And even then, the 186,382 people who emigrated from Russia last year is only slightly more than the number of British born people who left the UK in same time span, from a population more than twice the size.
Perhaps most sneaky and misrepresentative is the one short line of text: “Net migration remains in the black.” No graph for that one. No need to mention that Russia has the second-highest rate of immigration in the world, accepting 1.1 million immigrants since 2010.
All in all, this is your pretty standard, dishonest Guardian hit-piece…just with a lot more graphs. There’s the weasel words and insinuations and very little meat. This for example:
Putin served two terms as president (2000-08) and became prime minister between 2008-12 to get around constitutional limits restricting terms of office. In 2012, he returned to the presidency amid protests.[emphasis mine]
It takes a special kind of bloody-minded dishonesty to describe a successful presidential election campaign as a return to power “amid protest”. To back up this lie with a healthy dose of narcissism, they even quote their own article as evidence. This article. To the Guardian editors the 50 million people who voted for Putin count less than the few thousand protesting on the streets of Moscow. Because democracy.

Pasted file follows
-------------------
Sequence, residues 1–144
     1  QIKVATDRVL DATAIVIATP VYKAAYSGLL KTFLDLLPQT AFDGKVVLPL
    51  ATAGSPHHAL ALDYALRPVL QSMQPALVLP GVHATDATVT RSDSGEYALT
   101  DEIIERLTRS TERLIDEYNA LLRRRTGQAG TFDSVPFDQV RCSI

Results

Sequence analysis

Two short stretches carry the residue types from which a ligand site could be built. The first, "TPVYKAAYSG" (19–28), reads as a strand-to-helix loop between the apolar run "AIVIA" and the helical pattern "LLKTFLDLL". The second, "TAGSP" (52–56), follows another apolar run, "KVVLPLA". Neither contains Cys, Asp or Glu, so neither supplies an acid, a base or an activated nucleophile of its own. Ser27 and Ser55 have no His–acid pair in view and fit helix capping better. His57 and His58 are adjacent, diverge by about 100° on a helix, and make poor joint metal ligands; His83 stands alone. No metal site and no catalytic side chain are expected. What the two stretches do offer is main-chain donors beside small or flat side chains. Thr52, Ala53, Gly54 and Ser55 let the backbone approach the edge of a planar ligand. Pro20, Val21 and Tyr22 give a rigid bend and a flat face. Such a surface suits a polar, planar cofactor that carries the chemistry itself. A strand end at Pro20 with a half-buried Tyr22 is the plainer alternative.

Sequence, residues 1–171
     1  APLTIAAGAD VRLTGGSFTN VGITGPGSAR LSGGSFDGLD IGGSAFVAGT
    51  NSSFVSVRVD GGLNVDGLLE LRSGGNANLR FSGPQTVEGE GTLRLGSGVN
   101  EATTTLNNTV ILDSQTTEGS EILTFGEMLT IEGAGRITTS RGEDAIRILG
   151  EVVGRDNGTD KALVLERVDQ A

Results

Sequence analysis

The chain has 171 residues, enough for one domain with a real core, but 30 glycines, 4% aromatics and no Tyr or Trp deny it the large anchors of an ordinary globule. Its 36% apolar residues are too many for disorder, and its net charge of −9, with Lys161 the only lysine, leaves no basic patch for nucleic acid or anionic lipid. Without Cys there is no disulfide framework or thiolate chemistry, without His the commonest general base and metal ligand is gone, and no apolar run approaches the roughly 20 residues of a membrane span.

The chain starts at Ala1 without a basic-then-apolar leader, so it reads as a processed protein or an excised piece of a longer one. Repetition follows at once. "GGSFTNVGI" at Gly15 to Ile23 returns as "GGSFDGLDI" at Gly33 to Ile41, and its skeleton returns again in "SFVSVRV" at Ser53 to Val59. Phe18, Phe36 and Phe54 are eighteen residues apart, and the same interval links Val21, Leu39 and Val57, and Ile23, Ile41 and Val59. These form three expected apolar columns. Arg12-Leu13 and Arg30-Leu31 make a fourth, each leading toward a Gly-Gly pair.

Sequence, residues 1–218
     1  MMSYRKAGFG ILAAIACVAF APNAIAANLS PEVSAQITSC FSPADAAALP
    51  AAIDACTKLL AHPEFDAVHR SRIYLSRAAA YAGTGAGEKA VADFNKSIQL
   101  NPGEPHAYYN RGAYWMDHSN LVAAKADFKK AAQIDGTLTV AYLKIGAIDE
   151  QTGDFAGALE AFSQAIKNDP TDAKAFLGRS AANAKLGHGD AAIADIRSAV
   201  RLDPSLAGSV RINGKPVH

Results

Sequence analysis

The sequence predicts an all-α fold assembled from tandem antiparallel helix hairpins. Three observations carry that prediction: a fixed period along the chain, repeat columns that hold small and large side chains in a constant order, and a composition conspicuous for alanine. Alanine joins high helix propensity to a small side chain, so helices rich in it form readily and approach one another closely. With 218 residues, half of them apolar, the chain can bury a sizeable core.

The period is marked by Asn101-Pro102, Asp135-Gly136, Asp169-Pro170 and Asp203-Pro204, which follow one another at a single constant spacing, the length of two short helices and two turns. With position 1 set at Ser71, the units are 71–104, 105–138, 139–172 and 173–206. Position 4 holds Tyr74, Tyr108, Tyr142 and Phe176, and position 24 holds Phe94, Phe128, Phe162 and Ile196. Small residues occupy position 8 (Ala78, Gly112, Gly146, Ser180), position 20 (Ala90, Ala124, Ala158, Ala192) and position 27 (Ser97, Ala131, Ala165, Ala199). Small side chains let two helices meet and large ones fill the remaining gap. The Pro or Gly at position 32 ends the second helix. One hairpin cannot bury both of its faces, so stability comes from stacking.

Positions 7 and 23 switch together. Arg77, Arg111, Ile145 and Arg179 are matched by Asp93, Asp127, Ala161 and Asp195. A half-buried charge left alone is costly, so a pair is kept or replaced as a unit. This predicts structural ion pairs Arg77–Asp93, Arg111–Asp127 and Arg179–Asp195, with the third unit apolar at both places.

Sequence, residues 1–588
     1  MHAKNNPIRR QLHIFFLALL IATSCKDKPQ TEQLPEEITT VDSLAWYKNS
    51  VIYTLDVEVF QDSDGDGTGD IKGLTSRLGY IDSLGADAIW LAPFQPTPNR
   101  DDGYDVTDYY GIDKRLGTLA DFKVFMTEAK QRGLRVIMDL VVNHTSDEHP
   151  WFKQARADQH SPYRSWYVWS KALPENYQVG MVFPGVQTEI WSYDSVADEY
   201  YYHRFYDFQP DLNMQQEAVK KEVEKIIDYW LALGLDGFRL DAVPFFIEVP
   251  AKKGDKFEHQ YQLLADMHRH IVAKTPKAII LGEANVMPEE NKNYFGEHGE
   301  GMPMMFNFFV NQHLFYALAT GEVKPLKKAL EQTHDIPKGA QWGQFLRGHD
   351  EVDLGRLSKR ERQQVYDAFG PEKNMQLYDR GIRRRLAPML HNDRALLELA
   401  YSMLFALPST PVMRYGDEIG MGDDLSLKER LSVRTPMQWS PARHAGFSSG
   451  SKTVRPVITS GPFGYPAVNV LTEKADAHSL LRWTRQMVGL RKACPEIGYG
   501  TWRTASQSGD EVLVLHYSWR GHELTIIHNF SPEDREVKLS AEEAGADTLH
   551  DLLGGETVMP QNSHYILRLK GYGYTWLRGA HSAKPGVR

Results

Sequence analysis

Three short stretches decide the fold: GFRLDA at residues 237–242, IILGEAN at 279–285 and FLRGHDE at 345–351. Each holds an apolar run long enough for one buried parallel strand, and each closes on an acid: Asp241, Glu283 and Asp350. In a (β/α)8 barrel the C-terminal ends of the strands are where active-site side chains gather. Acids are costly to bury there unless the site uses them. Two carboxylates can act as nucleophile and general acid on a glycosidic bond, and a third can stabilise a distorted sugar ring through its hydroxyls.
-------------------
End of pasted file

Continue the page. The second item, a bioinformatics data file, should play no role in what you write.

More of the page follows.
They also suggest that:
As the internet has become a space for dissent, the government has cracked down on social media companies and their users.
…and then cite as evidence another Guardian article, from 2 years ago. Its headline: “Fears of Russian internet crackdown as investigators search social network HQ”. So the evidence for a “crackdown” on social media is that there was “fear of a crackdown”. Two years ago. In the Guardian. That this is used as evidence of some kind Stalinist purge in the same paper that had been blackmailed, by GCHQ, into destroying its own computers just a month earlier is utterly hilarious.
In its mad sprawling attempts at explaining the inexplicable – that a politician who improves the lives of his people is popular – the Guardian eventually opts for the path of least resistance: Putin’s popularity is down to his control of the Russian media; he presides over an Empire of brain-washed proles, so naturally he’s popular. It doesn’t matter that it isn’t true. It doesn’t matter that Putin has lifted Russia from the brink of failed state-hood. That is irrelevent.
The bottom line here is that they can’t tell the truth – they cannot tell us the real agenda. They bury this little factoid in the middle of the article:
When Putin came to power, 29% of the population were living below the poverty line. In 2013, this had dropped to 11%…
All their talking points and insinuations and twisted statistics try and talk past this number. It is a machinery designed to make us hate Putin for a false reason, when the corporate media hate him for (they perceive) a real reason. The sentence “He reduced poverty, BUT…” would be more honestly expressed as “He reduced poverty AND…”
The great lie of the situation is this: The media, the corporate infrastructure and their political allies don’t hate Putin DESPITE these numbers, they hate him BECAUSE of them.